For the treatment of wild-type KRAS metastatic colorectal cancer in previously treated patients, a head-to-head comparison of the two antibodies—cetuximab (Erbitux) and panitumumab (Vectibix)—that target the epidermal growth factor receptor (EGFR) concluded that they convey similar overall survival advantages. The results of the international phase III ASPECCT trial were presented at the 2013 European Cancer Congress by Timothy Price, MD, of the Queen Elizabeth Hospital in Adelaide, Australia.1
Prior to ASPECCT, cetuximab had prospectively demonstrated an overall survival benefit, but panitumumab had not, presumably because of heavy crossover in the pivotal panitumumab trials, Dr. Price explained.
“The crossover potentially diluted the overall survival benefit, and this has often been a discussion point regarding the two drugs,” he noted.
ASPECCT, therefore, was designed as a noninferiority trial to determine if one of these agents might be preferred over the other. The study enrolled 999 patients with KRAS wild-type metastatic colorectal cancer who had previously received irinotecan-, oxaliplatin-, and fluorouracil-based treatment (or bevacizumab [Avastin]) for metastatic disease, but no prior anti-EGFR regimens.
Patients were randomized to receive panitumumab at 6 mg/kg every 2 weeks or cetuximab at 400 mg/m2 followed by 250 mg/m2 weekly. Crossover between the arms was not allowed in the protocol, though a small and equal proportion of patients in each arm did so. For the primary endpoint, overall survival, noninferiority was determined if panitumumab preserved at least 50% of the cetuximab overall survival effect, compared with best supportive care, found in the prior NCIC CTG C0.17 trial.
Panitumumab Noninferior to Cetuximab
At a median follow-up of 9 months, panitumumab proved noninferior to cetuximab, yielding a median overall survival time of 10.4 months vs 10.0 months with cetuximab (hazard ratio [HR] = 0.97; P = .0007). The Z score of –3.19 satisfied the criteria of noninferiority (< –1.96), Dr. Price reported.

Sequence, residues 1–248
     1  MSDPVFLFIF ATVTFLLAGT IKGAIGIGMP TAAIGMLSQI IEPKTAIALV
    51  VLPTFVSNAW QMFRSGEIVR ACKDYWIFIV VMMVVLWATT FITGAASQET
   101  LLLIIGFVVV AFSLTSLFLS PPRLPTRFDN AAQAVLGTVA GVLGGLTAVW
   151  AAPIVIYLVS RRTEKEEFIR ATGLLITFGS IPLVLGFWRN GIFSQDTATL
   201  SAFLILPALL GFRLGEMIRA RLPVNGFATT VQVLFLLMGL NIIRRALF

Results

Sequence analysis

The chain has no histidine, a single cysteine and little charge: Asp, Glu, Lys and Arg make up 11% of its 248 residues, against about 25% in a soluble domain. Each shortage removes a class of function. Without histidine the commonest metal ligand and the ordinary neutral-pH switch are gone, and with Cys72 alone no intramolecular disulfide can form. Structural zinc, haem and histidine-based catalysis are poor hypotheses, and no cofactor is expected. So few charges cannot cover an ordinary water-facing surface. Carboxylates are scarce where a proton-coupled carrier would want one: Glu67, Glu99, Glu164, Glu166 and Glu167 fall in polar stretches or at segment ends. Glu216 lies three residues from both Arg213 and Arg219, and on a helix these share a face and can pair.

Median progression-free survival was also similar—4.1 months with panitumumab and 4.4 months with cetuximab—as were response rates: 22.0% and 19.8%, respectively.
For both agents, the safety profiles were consistent with previously reported studies. Serious adverse events were observed in 30.4% of the panitumumab arm and 33.6% of the cetuximab arm, with 13.9% and 12.1%, respectively, discontinuing the drug. Grade 3 or 4 skin toxicity (12.5% vs 9.5%) as well as hypomagnesemia (7.2% vs 2.6%) were more common with panitumumab, but infusion reactions (0.2% vs 1.8) were more common with cetuximab. There was no difference in the rate of diarrhea. ■
Disclosure: Dr. Price reported no potential conflicts of interest.
1. Price T, Peeters M, Kim TW, et al: ASPECCT: A randomized, multicenter, open-label, phase 3 study of panitumumab vs cetuximab for previously treated wild-type KRAS metastatic colorectal cancer. 2013 European Cancer Congress. Abstract LBA18. Presented September 28, 2013.
At the European Cancer Congress (ECC), Josep Tabernero, MD, PhD, Head of the Medical Oncology Department at Vall d’Hebron University in Barcelona, Spain, noted that the ASPECCT study asks a “reasonable question about the efficacy and safety of the two clinically approved anti-EGFR antibodies” and...